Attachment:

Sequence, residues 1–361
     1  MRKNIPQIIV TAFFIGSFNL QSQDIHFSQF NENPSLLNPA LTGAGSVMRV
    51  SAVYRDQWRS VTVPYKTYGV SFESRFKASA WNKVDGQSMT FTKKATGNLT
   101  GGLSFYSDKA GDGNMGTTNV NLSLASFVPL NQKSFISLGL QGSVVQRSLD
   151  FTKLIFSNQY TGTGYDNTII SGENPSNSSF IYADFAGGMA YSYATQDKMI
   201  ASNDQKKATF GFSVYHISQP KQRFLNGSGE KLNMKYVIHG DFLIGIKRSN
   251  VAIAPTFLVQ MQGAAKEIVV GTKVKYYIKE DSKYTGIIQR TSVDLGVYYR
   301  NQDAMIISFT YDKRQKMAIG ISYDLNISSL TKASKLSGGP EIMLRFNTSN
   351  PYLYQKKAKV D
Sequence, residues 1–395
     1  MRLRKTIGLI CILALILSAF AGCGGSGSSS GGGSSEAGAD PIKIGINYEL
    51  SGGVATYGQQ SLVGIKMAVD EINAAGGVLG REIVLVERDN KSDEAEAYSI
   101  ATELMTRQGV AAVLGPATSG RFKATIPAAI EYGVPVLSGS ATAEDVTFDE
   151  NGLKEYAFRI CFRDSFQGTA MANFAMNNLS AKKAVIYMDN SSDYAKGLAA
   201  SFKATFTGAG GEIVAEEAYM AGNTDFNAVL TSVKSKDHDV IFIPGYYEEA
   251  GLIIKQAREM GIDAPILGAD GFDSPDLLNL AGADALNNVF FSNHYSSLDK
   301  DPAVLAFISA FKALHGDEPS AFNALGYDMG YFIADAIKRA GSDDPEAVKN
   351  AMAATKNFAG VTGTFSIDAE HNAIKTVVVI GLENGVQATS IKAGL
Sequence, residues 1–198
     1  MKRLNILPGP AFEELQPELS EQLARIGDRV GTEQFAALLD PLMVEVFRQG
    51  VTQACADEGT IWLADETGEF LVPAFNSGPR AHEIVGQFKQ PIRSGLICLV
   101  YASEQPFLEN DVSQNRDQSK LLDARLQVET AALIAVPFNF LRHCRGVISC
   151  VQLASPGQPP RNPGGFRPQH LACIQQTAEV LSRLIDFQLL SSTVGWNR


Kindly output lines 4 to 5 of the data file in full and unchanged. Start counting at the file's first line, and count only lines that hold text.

   101  GGLSFYSDKA GDGNMGTTNV NLSLASFVPL NQKSFISLGL QGSVVQRSLD
   151  FTKLIFSNQY TGTGYDNTII SGENPSNSSF IYADFAGGMA YSYATQDKMI